Such was the standard of the event that the selectors have warned it may not be possible to select for the All-England Schools championships at Gateshead next month every athlete who has achieved the national qualifying standard.
The county can send up to 60 athletes from across the six age groups – and more than 60 have set qualifying marks.
In the junior girls, Alyssa White cruised through the heats of the 100m in 12.9sec before going on to record a comfortable 12.7sec win to take gold in the final.
Rachel Laurie, in the 200m, set a new PB of 26.7sec for second place in her heat, then lowered it again to 26.6sec to take the silver medal in the final.
Both were key members of the winning 4x100m relay quartet, who stopped the clock at 50.8sec to break the Sussex county record by two seconds.
In the intermediate girls, Sophie-Anne Haigh celebrated the end of her school exams with a very confident display in the 200m. She won her heat in 25.7sec and followed it up with a convincing performance in the final, recording 25.8sec to take the gold.
Also in the intermediate girls, Grace Wills gained silver in the 1,500m, as did Lauren Cooper in the javelin – while there were bronze medals for Cat Scott in the triple jump and Heather Jacobs in the shot putt.
For the junior girls there was also a runners-up spot for Olivia Wiseman in the junior girls’ 1,500m.
Sandwiched between two of her Hastings rivals charging down the home straight, all three girls lunged for the line at the same time. After lengthy consultation between the experienced judges, Wiseman was given second place with all three girls given the same time of 4.56.3.
There was a good bronze medal for Kerrie Pafford in the hammer.
In the junior boys, the stand-out performance came from Ben Collins, who shrugged off a foot injury to give a fine display of front running in the 800m.
Taking up the running from the gun, Collins shook off most of his rivals over a fast first lap and left enough to finish strongly to win his first Sussex track title in a personal best time of 2.05.6 – inside the national schools standard.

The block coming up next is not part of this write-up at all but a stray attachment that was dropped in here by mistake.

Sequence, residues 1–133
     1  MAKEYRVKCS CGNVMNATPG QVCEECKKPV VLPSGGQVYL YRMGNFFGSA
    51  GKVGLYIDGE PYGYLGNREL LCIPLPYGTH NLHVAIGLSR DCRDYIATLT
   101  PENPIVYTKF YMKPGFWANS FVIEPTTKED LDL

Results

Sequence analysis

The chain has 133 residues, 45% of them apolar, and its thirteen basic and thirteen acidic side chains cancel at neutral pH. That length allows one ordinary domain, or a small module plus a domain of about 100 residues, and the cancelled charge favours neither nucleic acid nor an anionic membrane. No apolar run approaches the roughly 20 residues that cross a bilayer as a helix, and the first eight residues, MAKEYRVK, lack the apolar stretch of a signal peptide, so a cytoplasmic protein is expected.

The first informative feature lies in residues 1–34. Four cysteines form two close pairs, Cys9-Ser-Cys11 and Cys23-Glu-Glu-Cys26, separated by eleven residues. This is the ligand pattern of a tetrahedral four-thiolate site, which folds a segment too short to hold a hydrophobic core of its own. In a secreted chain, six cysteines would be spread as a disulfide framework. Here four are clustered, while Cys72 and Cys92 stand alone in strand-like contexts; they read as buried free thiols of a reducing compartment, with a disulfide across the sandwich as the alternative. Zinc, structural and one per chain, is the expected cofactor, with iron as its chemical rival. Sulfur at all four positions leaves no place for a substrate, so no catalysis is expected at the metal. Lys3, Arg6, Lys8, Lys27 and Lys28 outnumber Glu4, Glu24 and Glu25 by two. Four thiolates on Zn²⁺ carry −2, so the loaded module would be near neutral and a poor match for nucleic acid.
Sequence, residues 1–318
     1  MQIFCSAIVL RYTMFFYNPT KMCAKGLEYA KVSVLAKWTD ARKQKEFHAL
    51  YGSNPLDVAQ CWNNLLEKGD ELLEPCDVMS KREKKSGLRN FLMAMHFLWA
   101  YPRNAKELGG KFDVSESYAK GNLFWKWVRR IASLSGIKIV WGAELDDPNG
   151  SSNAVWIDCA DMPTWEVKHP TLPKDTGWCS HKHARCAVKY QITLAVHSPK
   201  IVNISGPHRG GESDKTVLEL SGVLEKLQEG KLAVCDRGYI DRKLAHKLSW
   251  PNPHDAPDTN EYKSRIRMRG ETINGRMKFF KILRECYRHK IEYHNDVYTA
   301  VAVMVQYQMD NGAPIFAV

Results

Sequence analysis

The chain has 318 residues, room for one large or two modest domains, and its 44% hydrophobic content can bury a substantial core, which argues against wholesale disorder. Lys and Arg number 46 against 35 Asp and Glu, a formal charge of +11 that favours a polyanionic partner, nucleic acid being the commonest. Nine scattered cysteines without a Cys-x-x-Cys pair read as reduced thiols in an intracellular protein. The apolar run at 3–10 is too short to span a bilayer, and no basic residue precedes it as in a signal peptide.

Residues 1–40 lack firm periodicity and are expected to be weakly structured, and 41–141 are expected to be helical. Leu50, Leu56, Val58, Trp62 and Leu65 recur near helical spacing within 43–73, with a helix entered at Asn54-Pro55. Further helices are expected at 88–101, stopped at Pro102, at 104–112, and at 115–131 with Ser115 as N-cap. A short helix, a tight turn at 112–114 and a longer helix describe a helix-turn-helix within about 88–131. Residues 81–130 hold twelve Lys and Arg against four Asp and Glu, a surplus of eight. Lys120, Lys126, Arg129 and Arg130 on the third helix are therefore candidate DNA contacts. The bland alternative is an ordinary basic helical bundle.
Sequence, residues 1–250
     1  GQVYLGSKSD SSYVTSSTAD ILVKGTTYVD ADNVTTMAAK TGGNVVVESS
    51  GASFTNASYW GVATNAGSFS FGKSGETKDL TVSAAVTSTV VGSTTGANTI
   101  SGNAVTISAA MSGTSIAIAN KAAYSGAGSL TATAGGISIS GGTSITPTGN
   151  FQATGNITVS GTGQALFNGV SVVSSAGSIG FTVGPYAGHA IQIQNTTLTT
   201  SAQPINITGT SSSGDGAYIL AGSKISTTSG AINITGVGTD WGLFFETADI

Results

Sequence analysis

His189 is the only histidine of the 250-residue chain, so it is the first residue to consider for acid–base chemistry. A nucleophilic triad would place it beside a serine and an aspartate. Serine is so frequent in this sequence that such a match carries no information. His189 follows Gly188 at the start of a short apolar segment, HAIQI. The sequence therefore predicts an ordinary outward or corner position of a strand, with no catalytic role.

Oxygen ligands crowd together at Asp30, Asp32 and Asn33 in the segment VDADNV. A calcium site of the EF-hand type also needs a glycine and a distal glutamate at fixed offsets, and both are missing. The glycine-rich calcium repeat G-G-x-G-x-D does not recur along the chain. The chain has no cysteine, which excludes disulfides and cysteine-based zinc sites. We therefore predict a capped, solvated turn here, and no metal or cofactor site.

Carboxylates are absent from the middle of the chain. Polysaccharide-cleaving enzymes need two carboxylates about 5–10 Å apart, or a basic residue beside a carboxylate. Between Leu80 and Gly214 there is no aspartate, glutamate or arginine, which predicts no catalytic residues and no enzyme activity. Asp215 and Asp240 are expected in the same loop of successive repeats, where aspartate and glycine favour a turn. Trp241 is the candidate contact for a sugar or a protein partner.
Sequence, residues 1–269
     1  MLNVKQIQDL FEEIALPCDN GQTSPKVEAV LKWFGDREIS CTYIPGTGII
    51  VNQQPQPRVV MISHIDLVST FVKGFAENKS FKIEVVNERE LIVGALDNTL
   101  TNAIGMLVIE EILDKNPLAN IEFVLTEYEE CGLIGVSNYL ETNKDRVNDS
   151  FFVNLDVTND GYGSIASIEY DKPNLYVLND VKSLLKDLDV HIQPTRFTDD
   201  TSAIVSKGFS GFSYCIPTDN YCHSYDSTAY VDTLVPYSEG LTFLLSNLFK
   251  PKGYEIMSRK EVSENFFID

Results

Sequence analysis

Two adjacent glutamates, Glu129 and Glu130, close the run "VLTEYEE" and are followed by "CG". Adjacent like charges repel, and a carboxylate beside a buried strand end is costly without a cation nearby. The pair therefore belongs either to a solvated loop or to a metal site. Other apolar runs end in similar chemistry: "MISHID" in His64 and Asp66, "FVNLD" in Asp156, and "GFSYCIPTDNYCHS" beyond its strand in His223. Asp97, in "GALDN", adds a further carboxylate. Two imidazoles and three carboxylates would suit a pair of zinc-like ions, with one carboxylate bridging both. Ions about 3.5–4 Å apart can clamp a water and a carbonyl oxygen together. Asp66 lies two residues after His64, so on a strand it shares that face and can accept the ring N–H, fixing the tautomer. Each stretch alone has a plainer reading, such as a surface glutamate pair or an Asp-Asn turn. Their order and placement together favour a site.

There was good sprinting from Lewis Hall and Cellan Robinson in the 100m, both making the final and finishing just outside the medals.
Will Broom was unlucky to be tripped in the 1,500m while lying second and had to settle for fourth.
In the field events there were second places from Simon Ward in the javelin and Peter Hughes in the discus. Perhaps the most surprising win for West Sussex West was in the 1,500m intermediate boys steeplechase, where Benedict Robinson won easily in 5.33.3 in his first attempt over barriers.
Although the senior age groups are not as well contested as the juniors and intermediates, there was a good turnout from local athletes with the best medal total for years.
Jessica Breach had a clash of events, changing from one to the other and back. It affected her 100m, where she recorded 12.6sec for fourth spot in the final. She made up for it in the long jump, where she sailed to a new 5.39m PB to take silver.
Rose Ellis was pleased to be back in action after a long lay-off and was rewarded with a runner-up spot just outside five minutes in the 1,500m while Charlotte Reading was third in the 800m.
A strong West Sussex West squad proved the best senior boys’ team, with overall wins from Ross Hinton in the long jump with a 5.91 effort and Dan Eeles in the 800m with a time of 1.57.4.
There was a runner-up spot for Josh Jenkins in the 200m while Harry Lyne and Harry Pink gained bronze in the 1,500m and 3,000m respectively.
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